Space Shuttle Discovery Headed For California Landing
Backdropped by a cloud-covered part of Earth, Space Shuttle Discovery (STS-128) is featured in this image photographed by an Expedition 20 crew member on the International Space Station soon after the shuttle and station began their post-undocking relative separation on Sept. 8, 2009.
Credit: NASA.

This story was updated at 4:02 p.m. EDT.

NASA has ordered astronauts aboard space shuttle Discovery to switch to a backup runway in California for their planned landing Friday due to persistent storms in Florida that made a return to their home port impossible.

Discovery had two chances to set down today on its primary runway at the Kennedy Space Center (KSC) in Florida, but thunderstorms near the shuttle?s landing strip kept the spacecraft at bay. The astronauts now hope to land at 8:53 p.m. EDT (0053 Sept. 12 GMT) at the Edwards Air Force Base in California.

?We do appreciate everybody that worked the weather so hard in Florida and we appreciate the families making the trip down,? shuttle commander Rick Sturckow radioed Mission Control after hearing the news. ?But it doesn?t look like it?s going to work out for today so we?ll set up for Edwards.?

Discovery is returning to Earth to end a 14-day delivery mission to the International Space Station. The astronauts delivered a new crewmember to the station, as well as tons of supplies and science gear for the outpost?s six-person crew.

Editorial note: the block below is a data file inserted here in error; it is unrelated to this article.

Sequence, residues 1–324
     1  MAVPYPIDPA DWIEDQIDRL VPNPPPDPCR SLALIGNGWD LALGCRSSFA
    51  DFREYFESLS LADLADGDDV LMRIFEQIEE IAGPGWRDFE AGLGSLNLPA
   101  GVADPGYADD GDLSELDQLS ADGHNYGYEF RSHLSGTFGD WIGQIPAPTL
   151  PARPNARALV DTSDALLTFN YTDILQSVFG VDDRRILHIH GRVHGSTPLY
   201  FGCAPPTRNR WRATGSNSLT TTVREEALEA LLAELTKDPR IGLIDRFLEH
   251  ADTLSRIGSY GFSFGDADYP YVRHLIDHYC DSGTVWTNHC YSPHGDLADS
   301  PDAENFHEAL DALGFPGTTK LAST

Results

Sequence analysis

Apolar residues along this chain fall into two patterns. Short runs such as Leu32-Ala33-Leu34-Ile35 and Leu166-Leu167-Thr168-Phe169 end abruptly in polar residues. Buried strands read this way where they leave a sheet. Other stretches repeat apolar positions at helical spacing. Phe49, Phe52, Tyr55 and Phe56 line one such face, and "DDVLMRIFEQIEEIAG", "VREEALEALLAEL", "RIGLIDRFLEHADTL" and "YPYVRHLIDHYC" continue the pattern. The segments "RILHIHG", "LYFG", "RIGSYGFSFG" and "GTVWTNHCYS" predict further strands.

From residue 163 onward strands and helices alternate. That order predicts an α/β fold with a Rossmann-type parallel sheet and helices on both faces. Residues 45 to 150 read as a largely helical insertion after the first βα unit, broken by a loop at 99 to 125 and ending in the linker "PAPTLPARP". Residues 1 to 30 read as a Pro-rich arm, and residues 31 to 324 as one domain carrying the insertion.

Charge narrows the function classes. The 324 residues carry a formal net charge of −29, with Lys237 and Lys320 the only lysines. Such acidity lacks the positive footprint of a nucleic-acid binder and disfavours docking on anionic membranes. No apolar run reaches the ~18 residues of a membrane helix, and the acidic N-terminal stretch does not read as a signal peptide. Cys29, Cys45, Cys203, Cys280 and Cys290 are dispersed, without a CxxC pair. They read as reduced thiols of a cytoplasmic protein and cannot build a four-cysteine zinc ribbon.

Shuttle entry flight director Richard Jones activated the backup runway at the Edwards Air Force Base in California for today?s landing attempts, giving Discovery a total of four tries (two in Florida and two in California) because weather conditions at both sites were expected to deteriorate on Saturday.

NASA prefers to land space shuttles in Florida when possible because it is the orbiter fleet?s home port. Florida landings also avoid the extra week of transport time and $1.8 million in turnaround costs required to ferry shuttles home from California for their next mission. Discovery is due to fly to the space station again early next year to deliver more supplies.

Discovery launched late Aug. 28 and left the station with enough supplies to last through February. Among the major delivery items were an air-scrubbing device, a new astronaut bedroom, a pair of powerful science experiment racks and a treadmill named after TV comedian Stephen Colbert.

The treadmill was named after the comedian host of Comedy Central?s ?The Colbert Report? as a consolation prize after he won the naming rights to a new space station room in an online poll earlier this year. NASA opted to name the new room Tranquility after the Apollo 11 moon base, but rechristened the treadmill the Combined Operational Load Bearing External Resistance Treadmill (COLBERT) for Stephen Colbert. The exercise gear is in more than 100 pieces and will be assembled by station astronauts later this month.

Returning to Earth on Discovery with Sturckow will be pilot Kevin Ford and mission specialists Danny Olivas, Jose Hernandez, Patrick Forrester, Tim Kopra and Christer Fuglesang - a Swedish astronaut representing the European Space Agency.

Kopra is returning home after nearly two months aboard the station and is bringing home Buzz Lightyear, a 12-inch Disney toy that has been in orbit for 15 months as part of an educational program. A tickertape parade at Walt Disney World in Florida awaits Lightyear upon his return to Earth.

  • Image Gallery - Shuttle Discovery's Midnight Launch
  • Video - Stephen Colbert to NASA: 'No Chubby Astronauts'
  • SPACE.com Video Show - The ISS: Foothold on Forever

SPACE.com is providing complete coverage of Discovery's STS-128 mission to the International Space Station with Managing Editor Tariq Malik and Staff Writer Clara Moskowitz in New York. Click here for shuttle mission updates and a link to NASA TV.